On the subject of all-things Waterhouse, to adopt an Alan Partridge-style link, how cool (well, naff) would it have been if the end credits of 'Earthshock's final part played out over Spandau Ballet's 'Gold'? The demise of Adric and his crumbled, golden mathematical badge of excellence should have merited an emphatic 'punch the air' moment in living rooms around the country, along with a sneaky plug for the New Romantic crooners. As for Nyssa's decision to strip off her clothes in 'Terminus' – the lingerie chains would have come knocking the deck out the Traken lady in some suitably kinky attire. Feisty one, she is.
An opportunity for the likes of cricket gear manufacturers like Slazenger and Gray Nicholls would have dominated the first part of 'Black Orchid', where The Doctor could have popped back to the Tardis to nab some hi-tech branded merch for the big match. His successor certainly didn't warrant any aesthetic endorsements though, given the ludicrous multicoloured garb he wore. However, the nature of acting in 'Timelash' might have alerted tinned food purveyors Spam to sponsor the show. Plus, the annoying nature of the siblings Romulus and Remus in 'The Twin Dilemma' lent itself to sponsorship by Durex – as a means of birth control.
Much like Formula One drivers plaster their vehicles with various logos, advertising space on the bomber jacket of Ace could have been a nice little earner for the Beeb. Surely a deal with cat food manufacturer Whiskers was a nailed-on dead cert for 'Survival' if the broadcaster was allowed. 'The Happiness Patrol' appeared to be an ad for Liquorice Allsorts given the guise of The Kandyman, although Bassetts reportedly weren't too keen on the rather malevolent nature of the fondant monster.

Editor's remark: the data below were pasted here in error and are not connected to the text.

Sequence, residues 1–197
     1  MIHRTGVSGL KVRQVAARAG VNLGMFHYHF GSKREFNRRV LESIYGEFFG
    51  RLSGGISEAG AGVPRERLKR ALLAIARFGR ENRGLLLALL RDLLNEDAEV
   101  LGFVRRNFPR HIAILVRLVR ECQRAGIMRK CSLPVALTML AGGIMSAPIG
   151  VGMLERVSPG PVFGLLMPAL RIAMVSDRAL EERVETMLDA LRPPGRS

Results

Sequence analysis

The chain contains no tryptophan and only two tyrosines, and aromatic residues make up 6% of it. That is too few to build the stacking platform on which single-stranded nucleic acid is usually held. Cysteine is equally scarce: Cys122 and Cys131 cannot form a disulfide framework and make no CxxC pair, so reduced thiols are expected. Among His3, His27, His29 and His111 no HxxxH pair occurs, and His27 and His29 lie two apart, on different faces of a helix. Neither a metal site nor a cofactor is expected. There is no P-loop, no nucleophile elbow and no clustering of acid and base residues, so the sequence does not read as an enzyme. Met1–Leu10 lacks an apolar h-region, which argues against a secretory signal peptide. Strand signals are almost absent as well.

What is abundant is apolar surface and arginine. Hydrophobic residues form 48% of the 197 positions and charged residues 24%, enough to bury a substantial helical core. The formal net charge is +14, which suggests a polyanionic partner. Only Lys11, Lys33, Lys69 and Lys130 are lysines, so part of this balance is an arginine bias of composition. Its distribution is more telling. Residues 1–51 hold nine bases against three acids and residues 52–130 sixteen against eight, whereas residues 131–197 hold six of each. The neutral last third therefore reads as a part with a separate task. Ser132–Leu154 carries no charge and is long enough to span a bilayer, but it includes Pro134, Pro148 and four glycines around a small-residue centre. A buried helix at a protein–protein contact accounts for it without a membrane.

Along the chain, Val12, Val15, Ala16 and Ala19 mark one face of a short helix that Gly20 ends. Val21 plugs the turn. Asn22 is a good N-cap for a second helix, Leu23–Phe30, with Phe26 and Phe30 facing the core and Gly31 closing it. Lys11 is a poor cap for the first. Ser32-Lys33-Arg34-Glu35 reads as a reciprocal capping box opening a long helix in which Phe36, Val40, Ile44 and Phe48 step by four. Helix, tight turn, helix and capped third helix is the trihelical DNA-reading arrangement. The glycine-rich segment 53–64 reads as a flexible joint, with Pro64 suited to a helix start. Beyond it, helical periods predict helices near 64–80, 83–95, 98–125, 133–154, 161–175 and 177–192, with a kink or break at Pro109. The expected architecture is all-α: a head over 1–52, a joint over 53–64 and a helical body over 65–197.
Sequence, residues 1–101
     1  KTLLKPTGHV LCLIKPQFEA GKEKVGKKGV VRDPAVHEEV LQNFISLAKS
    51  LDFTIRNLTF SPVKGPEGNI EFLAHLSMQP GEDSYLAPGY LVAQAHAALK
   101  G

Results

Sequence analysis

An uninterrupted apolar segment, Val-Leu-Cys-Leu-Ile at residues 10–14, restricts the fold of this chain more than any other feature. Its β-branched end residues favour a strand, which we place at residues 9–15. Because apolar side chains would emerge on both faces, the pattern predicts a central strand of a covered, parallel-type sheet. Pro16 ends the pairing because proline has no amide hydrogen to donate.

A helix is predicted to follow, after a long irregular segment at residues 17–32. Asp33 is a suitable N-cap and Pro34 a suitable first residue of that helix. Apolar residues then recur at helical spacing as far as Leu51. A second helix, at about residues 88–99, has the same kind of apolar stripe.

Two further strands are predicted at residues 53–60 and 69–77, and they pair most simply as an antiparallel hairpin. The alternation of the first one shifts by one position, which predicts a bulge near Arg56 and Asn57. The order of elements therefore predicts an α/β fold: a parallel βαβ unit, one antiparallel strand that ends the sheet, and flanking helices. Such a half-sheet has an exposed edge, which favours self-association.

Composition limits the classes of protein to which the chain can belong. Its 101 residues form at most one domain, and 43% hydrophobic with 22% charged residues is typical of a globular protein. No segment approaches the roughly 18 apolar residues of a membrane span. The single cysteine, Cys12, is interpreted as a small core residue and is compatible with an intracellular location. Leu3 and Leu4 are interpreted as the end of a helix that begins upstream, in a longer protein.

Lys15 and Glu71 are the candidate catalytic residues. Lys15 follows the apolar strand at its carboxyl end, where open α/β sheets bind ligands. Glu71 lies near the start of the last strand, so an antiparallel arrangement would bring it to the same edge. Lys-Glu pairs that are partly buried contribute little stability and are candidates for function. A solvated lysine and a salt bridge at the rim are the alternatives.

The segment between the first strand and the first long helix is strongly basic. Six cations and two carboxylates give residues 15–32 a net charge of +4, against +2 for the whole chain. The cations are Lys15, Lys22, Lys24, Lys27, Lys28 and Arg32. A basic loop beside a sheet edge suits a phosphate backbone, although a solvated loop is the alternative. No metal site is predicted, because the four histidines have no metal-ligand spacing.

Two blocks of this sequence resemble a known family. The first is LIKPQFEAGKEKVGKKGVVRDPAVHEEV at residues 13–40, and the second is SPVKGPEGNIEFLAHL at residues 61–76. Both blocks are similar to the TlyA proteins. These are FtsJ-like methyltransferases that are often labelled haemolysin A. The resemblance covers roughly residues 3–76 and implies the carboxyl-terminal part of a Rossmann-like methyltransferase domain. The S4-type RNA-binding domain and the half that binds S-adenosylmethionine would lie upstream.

More interest would have been sparked by Ambrosia, given the Seventh Doctor's apparent love of unlimited rice pudding. Rice Krispies should have also been credited as playing an integral part in the make-up process during Omega's stint in Amsterdam during 'The Arc Of Infinity'. Poor Peter Davison probably can't stand the sight of them after that experience. Subsequently, Paul McGann's brief stint as The Doctor allowed The Master to show off his shades, sadly deprived of any Ray Bans logo.
The Ninth Doctor's trip to Satellite Five in 'The Long Game' might have been greeted with a McKronk Burger – a sign that the fast food giant survived into the Fourth Great and Bountiful Human Empire. They'd have been more interested in that than endorsing Davros's dubious food products that he churned out from human flesh in 'Revelation Of The Daleks'. However, mechanically/Dalek reclaimed meat might whet the appetites of those dreaded Turkey Twizzler makers. Let's get Jamie Oliver a one-way ticket to Necros right now!
The Tenth Doctor's defeat of the Cybermen and Daleks in 'Doomsday' might have been lucrative if an optician had handed over some dosh. Instead of those flimsy 3D specs The Doctor uses to see the Void material, a sturdier frame and lenses would have worked. "Emotions destroy you," stated the CyberLeader. "That might be the case, but I've just been to Specsavers. Allons-y!" As for those distinctive trainers he wore, no comment. Converse must be laughing at all that free advertising. Meanwhile, The Doctor's luscious quiff at the time must have had Brylcreem salivating at the prospects of a commercial tie-in.
David Tennant's recent swansong in 'The End Of Time' offered up a multitude of possible product placements. Firstly, The Master's resurrection via the Immortality Gate would have been followed by a trip to Boots to acquire a bottle of John Frieda's Sheer Blonde shampoo, and then on to KFC for some finger-licking bargain bucket action. Yummy times indeed!